Daily Archives: August 2, 2015

The Carbon Bubble: What Happens to Us When It Bursts: Jeff Rubin

For the first time at book length, bestselling author and economist Jeff Rubin addresses Canada’s national economic future–and the financial security of all Canadians.

Since 2006 and the election of the 1st Harper government, the vision of Canada’s future as an energy superpower has driven the political agenda, as well as the fast-paced development of Alberta’s oil sands and the push for more pipelines across the country to bring that bitumen to market.  Anyone who objects is labeled a dreamer, or worse–an environmentalist: someone who puts the health of the planet ahead of the economic survival of their neighbours.

In The Carbon Bubble, Jeff Rubin compellingly shows how Harper’s economic vision for the country is dead wrong.

Changes in energy markets in the US–where domestic production is booming while demand for oil is shrinking–are quickly turning Harper’s dream into an economic nightmare. The same trade and investment ties to oil that pushed the Canadian dollar to record highs are now pulling it down, and the Toronto Stock Exchange, one of the most carbon-intensive stock indexes in the world–with over 25 percent market capitalization in oil and gas alone–will be increasingly exposed to the rest of the world’s efforts to reduce carbon emissions.

Rubin argues that there is a lifeline to a better future. The very climate change that will leave much of the country’s carbon unburnable could at the same time make some of Canada’s other resource assets more valuable: our water and our land. In tomorrow’s economy, he argues, Canada won’t be an energy superpower, but it has the makings of one of the world’s great breadbaskets. And in the global climate that the world’s carbon emissions are inexorably creating, food will soon be a lot more valuable than oil.

Global Climate Change
Environment Ethics
Environment Justice

Raw: French Riot Police Disperse Migrants


Associated Press

Published on Aug 2, 2015

French riot police sprayed migrants with a chemical irritant as they tried to storm the Channel Tunnel after the group broke down several security fences late Saturday. (August 2)

Global Climate Change
Environment Ethics
Environment Justice

Obama to Unveil Tougher Climate Plan With His Legacy in Mind

If rules survive legal challenges, they could help shut down coal-fired plants like the Ghent Generating Station in Kentucky. Credit Luke Sharrett for The New York Times

By CORAL DAVENPORT and GARDINER HARRISAUG. 2, 2015

WASHINGTON — In the strongest action ever taken in the United States to combat climate change, President Obama will unveil on Monday a set of environmental regulations devised to sharply cut planet-warming greenhouse gas emissions from the nation’s power plants and ultimately transform America’s electricity industry.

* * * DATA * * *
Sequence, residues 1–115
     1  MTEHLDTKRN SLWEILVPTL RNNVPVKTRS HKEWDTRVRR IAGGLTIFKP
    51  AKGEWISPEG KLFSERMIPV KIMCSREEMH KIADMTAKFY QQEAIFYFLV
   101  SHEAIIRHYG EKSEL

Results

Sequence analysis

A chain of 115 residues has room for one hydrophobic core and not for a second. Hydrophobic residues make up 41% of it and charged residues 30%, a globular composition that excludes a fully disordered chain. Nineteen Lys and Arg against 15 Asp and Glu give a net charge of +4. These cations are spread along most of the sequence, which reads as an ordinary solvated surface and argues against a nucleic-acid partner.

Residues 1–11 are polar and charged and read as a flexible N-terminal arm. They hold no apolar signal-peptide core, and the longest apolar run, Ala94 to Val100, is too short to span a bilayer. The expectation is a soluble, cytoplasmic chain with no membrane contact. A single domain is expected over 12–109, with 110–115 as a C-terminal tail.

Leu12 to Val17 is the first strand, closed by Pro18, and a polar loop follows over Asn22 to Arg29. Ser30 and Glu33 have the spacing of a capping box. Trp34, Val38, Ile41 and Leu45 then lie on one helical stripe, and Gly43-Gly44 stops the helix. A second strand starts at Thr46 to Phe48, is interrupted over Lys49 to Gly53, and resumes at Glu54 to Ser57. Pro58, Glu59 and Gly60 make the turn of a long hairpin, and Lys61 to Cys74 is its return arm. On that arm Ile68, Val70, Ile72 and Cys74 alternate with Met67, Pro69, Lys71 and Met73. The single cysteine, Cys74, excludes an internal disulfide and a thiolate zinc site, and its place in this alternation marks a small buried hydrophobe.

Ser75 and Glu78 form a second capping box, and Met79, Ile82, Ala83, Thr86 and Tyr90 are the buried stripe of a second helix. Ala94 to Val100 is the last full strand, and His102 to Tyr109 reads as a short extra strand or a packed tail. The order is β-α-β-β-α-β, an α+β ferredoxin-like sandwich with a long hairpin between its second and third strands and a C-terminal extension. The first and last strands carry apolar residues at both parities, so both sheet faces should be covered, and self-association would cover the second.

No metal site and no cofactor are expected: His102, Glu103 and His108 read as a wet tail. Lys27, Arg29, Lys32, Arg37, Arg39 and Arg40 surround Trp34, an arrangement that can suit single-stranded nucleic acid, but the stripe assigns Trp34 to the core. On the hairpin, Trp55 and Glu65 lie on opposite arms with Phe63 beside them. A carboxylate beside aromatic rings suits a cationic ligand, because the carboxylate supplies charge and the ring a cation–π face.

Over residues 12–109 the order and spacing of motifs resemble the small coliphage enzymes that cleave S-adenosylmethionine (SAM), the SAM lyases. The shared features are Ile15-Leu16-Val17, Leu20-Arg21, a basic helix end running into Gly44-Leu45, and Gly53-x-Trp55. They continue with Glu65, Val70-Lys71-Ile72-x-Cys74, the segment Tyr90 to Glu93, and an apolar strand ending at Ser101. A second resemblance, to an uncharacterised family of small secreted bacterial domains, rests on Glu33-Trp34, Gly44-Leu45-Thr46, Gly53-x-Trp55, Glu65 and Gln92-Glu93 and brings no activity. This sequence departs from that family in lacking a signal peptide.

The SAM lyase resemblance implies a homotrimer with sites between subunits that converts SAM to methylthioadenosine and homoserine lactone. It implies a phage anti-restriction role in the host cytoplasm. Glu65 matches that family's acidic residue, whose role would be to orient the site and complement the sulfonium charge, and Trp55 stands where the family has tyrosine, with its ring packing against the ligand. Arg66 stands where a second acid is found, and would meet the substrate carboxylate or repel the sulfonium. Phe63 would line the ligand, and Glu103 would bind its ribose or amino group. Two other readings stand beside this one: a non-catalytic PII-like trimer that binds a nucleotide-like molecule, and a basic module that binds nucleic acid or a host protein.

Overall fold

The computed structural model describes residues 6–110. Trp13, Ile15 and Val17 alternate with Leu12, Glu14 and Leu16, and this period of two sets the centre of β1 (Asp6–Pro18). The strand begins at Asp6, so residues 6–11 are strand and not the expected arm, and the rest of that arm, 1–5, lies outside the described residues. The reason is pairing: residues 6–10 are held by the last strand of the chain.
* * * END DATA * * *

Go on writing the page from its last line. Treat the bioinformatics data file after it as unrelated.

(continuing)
The rules are the final, tougher versions of proposed regulations that the Environmental Protection Agency announced in 2012 and 2014. If they withstand the expected legal challenges, the regulations will set in motion sweeping policy changes that could shut down hundreds of coal-fired power plants, freeze construction of new coal plants and create a boom in the production of wind and solar power and other renewable energy sources.

The most aggressive of the regulations requires the nation’s existing power plants to cut emissions 32 percent from 2005 levels by 2030, an increase from the 30 percent target proposed in the draft regulation.

That new rule also demands that power plants use more renewable sources of energy like wind and solar power. While the proposed rule would have allowed states to lower emissions by transitioning from plants fired by coal to plants fired by natural gas, which produces about half the carbon pollution of coal, the final rule is intended to push electric utilities to invest more quickly in renewable sources, raising to 28 percent from 22 percent the share of generating capacity that would come from such sources.

In its final version, the rule retains the same basic structure as the draft proposal: It assigns each state a target for reducing its carbon pollution from power plants, but allows states to create their own custom plans for doing so. States have to submit an initial version of their plans by 2016 and final versions by 2018.

But over all, the final rule is even stronger than earlier drafts and can be seen as an effort by Mr. Obama to stake out an uncompromising position on the issue during his final months in office.

…(read more).

Global Climate Change
Environment Ethics
Environment Justice